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Seasons Greetings to all our BLS members

ollie

Health & Welfare Bulletin No.49 - Various - Winter reminders

Dear BLS Member

1. Although I am no longer your Health & Welfare Officer, I don’t wish to sever all ties so
I thought I would remind those of you who need reminding, of things to take note of at
this time of year.

2. Due to the mild wet weather we have all been experiencing, please keep an eye out
for liver fluke. Keep a good eye on your animals and look out for abnormal behavior
such as progressive loss of body condition, anemia, pale membranes and, in severe
cases, swelling below the jaw. Liver Fluke is easily treated so keep your eyes open
for signs. If you are worried, please talk to your vet. A simple fecal worm count for
Liver Fluke can be done by your vet if you are at all concerned.

3. Please ensure you register all your cria. A cria should be micro chipped at six months
old but that does not prevent you from registering the cria earlier. The Registrar can
provide you with a microchip for cost price, £4.15 each, when you send in your
registration form. You can then have the number on your registration certificate and
microchip your cria at a later date. It is very helpful to know how many animals there
are in the UK for health reasons. If a disease strikes, BLS can contact all its members
with advice and help. Please do not put off registering your animals.

4. The festive season is looming and I am sure some of you take your camelids to
Christmas gatherings. Please be bio-security conscious and remember to have the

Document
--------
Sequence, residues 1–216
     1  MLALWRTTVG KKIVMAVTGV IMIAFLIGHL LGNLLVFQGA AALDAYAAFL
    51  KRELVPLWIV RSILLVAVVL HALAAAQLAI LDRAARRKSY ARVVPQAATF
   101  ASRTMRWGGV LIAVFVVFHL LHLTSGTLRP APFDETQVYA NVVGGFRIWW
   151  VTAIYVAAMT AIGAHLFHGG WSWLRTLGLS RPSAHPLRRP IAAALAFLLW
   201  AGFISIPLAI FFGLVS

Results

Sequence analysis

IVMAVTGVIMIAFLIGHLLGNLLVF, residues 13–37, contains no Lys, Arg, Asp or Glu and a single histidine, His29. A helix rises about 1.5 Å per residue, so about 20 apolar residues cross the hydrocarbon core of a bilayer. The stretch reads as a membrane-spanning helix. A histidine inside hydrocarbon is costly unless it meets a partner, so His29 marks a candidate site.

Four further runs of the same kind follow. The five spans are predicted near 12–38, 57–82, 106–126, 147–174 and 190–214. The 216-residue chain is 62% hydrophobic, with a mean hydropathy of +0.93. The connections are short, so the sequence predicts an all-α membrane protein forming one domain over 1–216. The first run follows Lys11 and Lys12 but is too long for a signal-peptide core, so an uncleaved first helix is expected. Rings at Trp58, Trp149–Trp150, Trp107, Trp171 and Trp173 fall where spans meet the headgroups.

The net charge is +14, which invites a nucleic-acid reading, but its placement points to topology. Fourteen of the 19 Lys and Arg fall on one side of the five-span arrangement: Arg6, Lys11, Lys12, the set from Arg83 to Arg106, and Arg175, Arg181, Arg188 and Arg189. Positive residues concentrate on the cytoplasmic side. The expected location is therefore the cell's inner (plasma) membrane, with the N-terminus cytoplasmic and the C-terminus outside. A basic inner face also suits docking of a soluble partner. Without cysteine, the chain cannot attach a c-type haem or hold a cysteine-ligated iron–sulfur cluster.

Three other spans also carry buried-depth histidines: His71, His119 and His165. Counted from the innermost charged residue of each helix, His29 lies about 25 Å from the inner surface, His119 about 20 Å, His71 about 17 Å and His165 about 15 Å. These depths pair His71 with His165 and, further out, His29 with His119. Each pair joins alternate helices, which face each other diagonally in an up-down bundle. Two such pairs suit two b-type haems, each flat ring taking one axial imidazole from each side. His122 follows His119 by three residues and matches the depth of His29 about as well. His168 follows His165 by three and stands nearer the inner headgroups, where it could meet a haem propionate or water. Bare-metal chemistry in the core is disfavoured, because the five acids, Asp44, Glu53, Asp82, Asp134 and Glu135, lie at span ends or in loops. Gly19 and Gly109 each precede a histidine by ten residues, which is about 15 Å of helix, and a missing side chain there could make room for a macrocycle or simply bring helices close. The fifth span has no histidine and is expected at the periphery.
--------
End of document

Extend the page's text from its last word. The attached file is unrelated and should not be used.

correct insurance. I have always found a small container of hand disinfectant fixed to
my belt very useful when taking my llamas out to visit schools, homes or anywhere
else where I may meet the public.

5. In the rain and wind, please check your animals regularly, preferably two or three

times a day as camelids can suffer from hypothermia. The wind lifts up their coats
and the rain gets in. If your animal feels cold, try bringing it in under cover out of the
weather and you can offer it warm water to drink – NOT HOT!

6. Keep a keen eye on your animals’ feet. With the wet weather we have already had
this winter, with more forecasted to come, camelids can suffer with foot problems. If
you think there may be a problem, don’t wait to see if it clears up on its own. Get
professional advice from your vet as foot problems in camelids can take a long time to
get over if left for any length of time.

7. Don’t forget that if we end up having a long cold (freezing) spell, to check your
camelids are drinking. Some animals, especially the older ones, are not keen on
drinking freezing water. Just add a little warm water to their buckets. Always break
any ice in troughs so water is available at all times.

8. Autumn is a good time to give your camelids their annual vaccination. This will help
them get through what ever lies ahead as far as a bad winter is concerned.

9. Don’t forget, never use left over hard feed from last winter. The food can produce
toxins if kept for any length of time which can harm your animals.

10. Please think about ways you can raise money for the BLS Welfare Fund. All monies
raised is ring fenced especially for welfare of our beautiful animals.

11. Last but not least, may I take this opportunity to wish every one of you a VERY
HAPPY CHRISTMAS and a GREAT 2015 WITH YOUR BEAUTIFUL ANIMALS.


LIZ BUTLER
Nutfield Park Farm, South Nutfield, REDHILL, Surrey RH1 5PA

19 November 2014

bTB and Compensation Update

From 1st October 2014 new legislation has come into effect in England that covers bTB testing in all South American camelids.
  If TB is suspected in your herd then DEFRA will impose immediate restriction and then, if TB is confirmed, have the right to enter a holding, use a priming skin test followed by two blood tests (10 days or so later) on all your camelids and then slaughter those camelids shown to be positive to TB by any one of the 3 tests. There will be a statutory compensation payment (£750) for those slaughtered animals. If bTB is found in your herd you no longer have the right to refuse entry to your property or refuse skin and blood testing of your animals.
  At this point in time the only two blood tests which will be used by DEFRA/AHVLA in the event of a confirmed TB breakdown are the Stat Pak and IDEXX tests. The Stat Pak is soon to be replaced by the new DPP test which works in a very similar way to Stat Pak.